The New York State Senate passed legislation on Tuesday that would curb prosecutors’ ability to cite rap lyrics and other creative works as evidence in legal battles.
Dubbed “Rap Music on Trial,” the bill aims to “enhance the free speech protections of New Yorkers by banning the use of art created by a defendant as evidence against them in a courtroom,” according to a statement from State Sens. Brad Hoylman (D-Manhattan) and Jamaal Bailey (D-Queens).
“The legislation will protect all artists and content creators, including rappers from having their lyrics wielded against them by prosecutors,” the statement continued.
Right now, all forms of creative expression, including rap lyrics, can be used as evidence in criminal cases. Rap lyrics, however, are more likely to be weaponized against those who wrote them in trial, experts say.
“The use of rap and hip-hop lyrics in particular is emblematic of the systemic racism that permeates our criminal justice system,” Bailey said in a statement.
Hoylman agrees that there is a double standard.
“Nobody thinks Johnny Cash shot a man in Reno just to watch him die, or that David Byrne is a psycho killer, but routinely rappers have their lyrics used against them in criminal trials,” he tweeted.
The bill would not fully ban the use of rap lyrics in court. If made into law, prosecutors would need “clear and convincing proof that there is a literal, factual nexus between creative expression and the facts of the case” in order to use these works as evidence.
Major artists including Jay-Z, Meek Mill, Kelly Rowland, and Robin Thicke previously signed a letter in support of the legislation.
A companion bill currently sits in the New York State Assembly.
Rap Lyrics in Court
The use of rap lyrics against their artists is not an uncommon tactic. Earlier this month, an indictment charging Young Thug, Gunna, and two dozen others over alleged gang activity and conspiracy to violate racketeering laws used lyrics of the aforementioned artists.
While the case is in Atlanta and would not be impacted by the New York bill, the use of their lyrics has stirred controversy. In a motion requesting that Gunna be released from jail, his lawyers argued that it was unfair to cite these works.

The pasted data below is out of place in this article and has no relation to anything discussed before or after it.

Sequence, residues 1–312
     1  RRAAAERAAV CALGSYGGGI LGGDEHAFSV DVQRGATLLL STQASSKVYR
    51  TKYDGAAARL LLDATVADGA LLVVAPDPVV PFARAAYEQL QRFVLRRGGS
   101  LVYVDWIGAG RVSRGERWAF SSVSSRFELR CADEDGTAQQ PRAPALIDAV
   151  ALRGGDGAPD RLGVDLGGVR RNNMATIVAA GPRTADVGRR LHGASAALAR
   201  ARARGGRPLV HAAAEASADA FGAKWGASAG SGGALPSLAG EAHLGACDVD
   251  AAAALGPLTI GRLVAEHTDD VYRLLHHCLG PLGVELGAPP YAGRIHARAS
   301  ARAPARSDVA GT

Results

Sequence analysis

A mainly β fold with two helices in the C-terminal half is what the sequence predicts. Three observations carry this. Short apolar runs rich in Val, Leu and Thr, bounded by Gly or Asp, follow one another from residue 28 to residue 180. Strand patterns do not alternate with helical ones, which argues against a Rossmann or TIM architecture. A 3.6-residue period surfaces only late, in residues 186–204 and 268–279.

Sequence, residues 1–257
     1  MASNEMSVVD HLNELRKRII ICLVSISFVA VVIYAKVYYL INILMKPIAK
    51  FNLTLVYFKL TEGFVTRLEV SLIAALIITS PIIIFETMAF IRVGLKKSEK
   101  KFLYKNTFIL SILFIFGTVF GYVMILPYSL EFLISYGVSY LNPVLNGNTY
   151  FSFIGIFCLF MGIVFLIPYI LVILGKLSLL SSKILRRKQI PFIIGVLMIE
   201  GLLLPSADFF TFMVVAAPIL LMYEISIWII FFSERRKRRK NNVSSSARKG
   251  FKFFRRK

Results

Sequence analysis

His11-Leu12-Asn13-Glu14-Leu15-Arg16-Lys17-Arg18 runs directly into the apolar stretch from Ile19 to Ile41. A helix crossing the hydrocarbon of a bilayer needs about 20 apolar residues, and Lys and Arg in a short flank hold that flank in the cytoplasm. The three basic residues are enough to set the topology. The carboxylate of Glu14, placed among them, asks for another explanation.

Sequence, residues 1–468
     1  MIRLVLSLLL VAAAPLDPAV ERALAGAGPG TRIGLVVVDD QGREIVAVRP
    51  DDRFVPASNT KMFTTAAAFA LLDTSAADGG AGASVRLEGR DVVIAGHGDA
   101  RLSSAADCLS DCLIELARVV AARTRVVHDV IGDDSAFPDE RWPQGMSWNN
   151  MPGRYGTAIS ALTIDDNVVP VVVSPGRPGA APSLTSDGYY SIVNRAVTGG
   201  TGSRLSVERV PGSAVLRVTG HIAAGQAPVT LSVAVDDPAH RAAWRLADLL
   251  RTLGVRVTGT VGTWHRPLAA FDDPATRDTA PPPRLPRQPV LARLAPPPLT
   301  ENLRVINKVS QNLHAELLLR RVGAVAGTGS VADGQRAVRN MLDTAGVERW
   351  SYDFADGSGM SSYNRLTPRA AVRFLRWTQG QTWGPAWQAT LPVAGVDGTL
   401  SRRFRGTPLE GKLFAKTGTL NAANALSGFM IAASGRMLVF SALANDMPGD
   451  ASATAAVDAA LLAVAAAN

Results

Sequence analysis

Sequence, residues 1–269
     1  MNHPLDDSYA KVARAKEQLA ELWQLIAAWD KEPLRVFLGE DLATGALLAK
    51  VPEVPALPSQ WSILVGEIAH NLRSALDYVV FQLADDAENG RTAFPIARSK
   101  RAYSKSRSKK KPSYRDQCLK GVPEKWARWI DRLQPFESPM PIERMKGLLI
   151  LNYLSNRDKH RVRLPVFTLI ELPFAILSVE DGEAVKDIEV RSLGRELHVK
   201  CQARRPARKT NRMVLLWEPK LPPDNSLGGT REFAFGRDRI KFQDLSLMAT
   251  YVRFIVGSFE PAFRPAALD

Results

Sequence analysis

“It is intensely problematic that the State relies on song lyrics as part of its allegations,” his lawyers said in court documents. “These lyrics are an artist’s creative expression and not a literal recounting of facts and circumstances. Under the State’s theory, any artist with a song referencing violence could find herself the victim of a RICO indictment.”
Fulton County District Attorney Fani T. Willis defended the indictment’s use of the lyrics and argued it did not violate the artist’s free speech.
In the letter signed by numerous recording artists, the authors said this kind of tactic “effectively denies rap music the status of art and, in the process, gives prosecutors a dangerous advantage in the courtroom.”
“Rather than acknowledge rap music as a form of artistic expression, police and prosecutors argue that the lyrics should be interpreted literally — in the words of one prosecutor, as ‘autobiographical journals’ — even though the genre is rooted in a long tradition of storytelling that privileges figurative language, is steeped in hyperbole, and employs all of the same poetic devices we find in more traditional works of poetry,” the letter, which was written by Jay-Z’s lawyer Alex Spiro and University of Richmond Professor Erik Nielson, said.